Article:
ISP changing for client

I have a client who is changing their ISP in a few weeks, they are a midsize company and have about 60 employees.

They currently host their web-server, AS2 connection, Exchange server, RDP sessions, and their application on 2 local servers.

If they change their ISP then their static WAN IP address will change, what do I need to do in preparation for the ISP switch?

Will all the information about their port forward and their website be retained by the router or will there need to be changes in the router settings.

What about their DNS information and name server information that is hosted by godaddy, will this information need to be updated as well? I am assuming it will need to be updated.

Please let me know of anything I need to be prepared for before they make this change.

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Aaron TomoskySD-WAN SimplifiedCommented:
Unless they only have a single ip, all the forwarding rules are probably tied to wan ip addresses that are going away. If your router is a sonicwall, you don't have to remake the rules, just change the address objects to the new external ips.

What type of router do you have?

This may be a good time to clean house and stop hosting the web server at least out of the office.
First thing you should do is update their DNS records reducing the TTL on the records to help speed up the transition.
Will they get the new ISP in before the old one disconnects such that there will be sometime for an overlap?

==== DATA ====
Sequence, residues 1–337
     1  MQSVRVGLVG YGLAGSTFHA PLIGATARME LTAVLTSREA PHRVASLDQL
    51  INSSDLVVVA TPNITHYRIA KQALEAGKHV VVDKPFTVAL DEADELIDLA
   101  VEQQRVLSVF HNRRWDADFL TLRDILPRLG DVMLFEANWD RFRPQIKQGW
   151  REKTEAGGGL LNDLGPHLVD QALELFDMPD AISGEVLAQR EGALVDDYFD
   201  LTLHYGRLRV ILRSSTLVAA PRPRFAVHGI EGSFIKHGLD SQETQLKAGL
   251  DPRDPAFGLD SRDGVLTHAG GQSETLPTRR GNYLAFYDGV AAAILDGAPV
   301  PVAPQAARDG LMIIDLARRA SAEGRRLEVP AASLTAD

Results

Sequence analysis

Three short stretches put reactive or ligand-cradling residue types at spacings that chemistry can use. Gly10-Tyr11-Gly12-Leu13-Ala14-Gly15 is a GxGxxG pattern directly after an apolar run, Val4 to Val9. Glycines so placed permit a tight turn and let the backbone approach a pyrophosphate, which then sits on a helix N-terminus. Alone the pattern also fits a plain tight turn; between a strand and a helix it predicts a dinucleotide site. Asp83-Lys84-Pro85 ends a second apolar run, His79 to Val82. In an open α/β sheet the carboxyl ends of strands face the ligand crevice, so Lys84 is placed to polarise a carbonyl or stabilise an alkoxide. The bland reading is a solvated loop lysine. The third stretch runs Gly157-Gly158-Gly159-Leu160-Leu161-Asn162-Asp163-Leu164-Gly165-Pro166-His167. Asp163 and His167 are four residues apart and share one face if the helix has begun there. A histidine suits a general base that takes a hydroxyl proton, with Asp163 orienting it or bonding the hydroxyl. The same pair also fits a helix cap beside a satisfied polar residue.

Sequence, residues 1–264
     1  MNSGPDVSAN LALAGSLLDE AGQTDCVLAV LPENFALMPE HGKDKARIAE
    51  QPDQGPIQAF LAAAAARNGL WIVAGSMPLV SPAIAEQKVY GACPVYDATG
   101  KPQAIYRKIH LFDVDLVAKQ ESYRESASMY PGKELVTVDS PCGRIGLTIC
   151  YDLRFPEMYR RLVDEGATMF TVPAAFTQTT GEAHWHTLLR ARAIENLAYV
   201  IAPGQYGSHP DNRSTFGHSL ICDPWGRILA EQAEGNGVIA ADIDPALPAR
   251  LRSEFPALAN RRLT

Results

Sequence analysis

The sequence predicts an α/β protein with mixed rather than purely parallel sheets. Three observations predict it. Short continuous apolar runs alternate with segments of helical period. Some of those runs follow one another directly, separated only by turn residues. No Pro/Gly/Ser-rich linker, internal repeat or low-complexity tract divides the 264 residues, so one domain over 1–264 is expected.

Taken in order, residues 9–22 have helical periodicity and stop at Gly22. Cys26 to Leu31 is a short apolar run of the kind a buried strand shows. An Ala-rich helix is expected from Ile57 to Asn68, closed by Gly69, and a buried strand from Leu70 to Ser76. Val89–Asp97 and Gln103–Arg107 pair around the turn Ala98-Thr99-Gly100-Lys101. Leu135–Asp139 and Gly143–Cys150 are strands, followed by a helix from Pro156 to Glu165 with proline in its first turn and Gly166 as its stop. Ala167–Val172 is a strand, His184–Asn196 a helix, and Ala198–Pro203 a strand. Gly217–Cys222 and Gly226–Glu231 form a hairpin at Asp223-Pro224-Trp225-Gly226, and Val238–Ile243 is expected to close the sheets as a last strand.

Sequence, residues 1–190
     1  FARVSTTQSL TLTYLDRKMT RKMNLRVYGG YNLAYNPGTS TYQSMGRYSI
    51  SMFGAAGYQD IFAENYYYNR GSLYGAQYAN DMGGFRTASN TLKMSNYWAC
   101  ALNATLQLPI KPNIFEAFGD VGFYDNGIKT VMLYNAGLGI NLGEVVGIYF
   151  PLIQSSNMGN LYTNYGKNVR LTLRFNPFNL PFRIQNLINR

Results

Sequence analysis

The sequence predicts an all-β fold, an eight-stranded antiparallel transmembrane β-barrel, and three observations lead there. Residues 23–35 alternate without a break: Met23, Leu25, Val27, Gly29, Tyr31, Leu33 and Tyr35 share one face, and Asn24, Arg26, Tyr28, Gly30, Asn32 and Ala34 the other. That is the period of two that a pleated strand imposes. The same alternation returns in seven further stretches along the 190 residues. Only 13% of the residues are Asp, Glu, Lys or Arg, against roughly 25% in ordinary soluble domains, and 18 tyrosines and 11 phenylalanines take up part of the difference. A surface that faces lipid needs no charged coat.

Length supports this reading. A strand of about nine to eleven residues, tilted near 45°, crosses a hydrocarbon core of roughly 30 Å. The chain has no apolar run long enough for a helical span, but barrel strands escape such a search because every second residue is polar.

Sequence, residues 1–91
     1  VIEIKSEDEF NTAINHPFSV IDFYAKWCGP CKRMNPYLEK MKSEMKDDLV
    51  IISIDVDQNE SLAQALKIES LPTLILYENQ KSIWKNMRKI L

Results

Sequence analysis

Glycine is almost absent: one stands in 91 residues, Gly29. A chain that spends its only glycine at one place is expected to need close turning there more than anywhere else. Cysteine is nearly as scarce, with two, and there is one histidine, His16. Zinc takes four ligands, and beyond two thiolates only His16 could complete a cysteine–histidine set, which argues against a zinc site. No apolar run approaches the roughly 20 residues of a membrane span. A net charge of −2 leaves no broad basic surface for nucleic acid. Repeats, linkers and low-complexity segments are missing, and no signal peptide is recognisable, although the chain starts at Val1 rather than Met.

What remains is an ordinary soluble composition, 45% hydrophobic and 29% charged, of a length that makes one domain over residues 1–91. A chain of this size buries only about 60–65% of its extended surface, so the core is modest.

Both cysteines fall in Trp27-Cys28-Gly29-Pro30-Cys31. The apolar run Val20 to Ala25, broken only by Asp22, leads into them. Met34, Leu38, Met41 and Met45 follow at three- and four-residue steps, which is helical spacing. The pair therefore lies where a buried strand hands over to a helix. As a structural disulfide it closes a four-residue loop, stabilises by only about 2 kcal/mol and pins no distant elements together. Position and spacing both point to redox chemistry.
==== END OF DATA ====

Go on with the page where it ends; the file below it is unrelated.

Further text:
The router/port forwarding settings will depend on the router and whether it is tied to the current external IP or it is general WAN interface port 25 to exchange.
If the two connection will overlap and if the existing router or the new ISP provided router can support two WAN connections, it might be worth while to combine the two connection even for a short amount of time.
Presumably all LAN systems are using NATed IPs such that all changes/adjustments will be limited to the firewall/router.
DNS will need to updated when the new service is ready and connected...but I ALWAYS plan for overlap.

A dual WAN router (Cisco RV042) is a low cost, easy way to support a changeover during the overlap time.  Move your router setting to this router.  The added benefit is after the move...get a secondary internet service (even a low cost, low bandwidth service) to be your internet backup.  All ISPs for my clients have had outages and the secondary internet service keeps them operational.  Otherwise your internet blackout can happen at bad times for the client and cause headaches for you.  with a dual WAN router, unless BOTH internet services go may be the only one to know about one going down.

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TristanHowlandAuthor Commented:
Thanks for everyone's input. I have finally got back into communication with the client.

The website that is being hosted on their server is for the AS2 connection for EDI transmission so it will need to stay hosted on their webserver.

The current firewall they are using is hosted by Broadview the current ISP they are replacing. They will have both the old and new ISP running at the same time.

I am currently unsure as to what brand and model of router they are currently using. The router is unfortunately not sonicwall, so the rules will have to be changed by there network personal. I am just the middle man helping this company make sure they have all there ducks in a row before they make the switch.

I agree completely with the statement that both connections should overlap to make sure that there isn't any disruption in day to day business operations.

I am currently compiling a list of specific questions to ask based off everyone's suggestions. Please feel free to add as much to this topic as you would like.

The idea of having a dual WAN router is great idea to make sure that they stay up 100% of the time even after the move has been completed.

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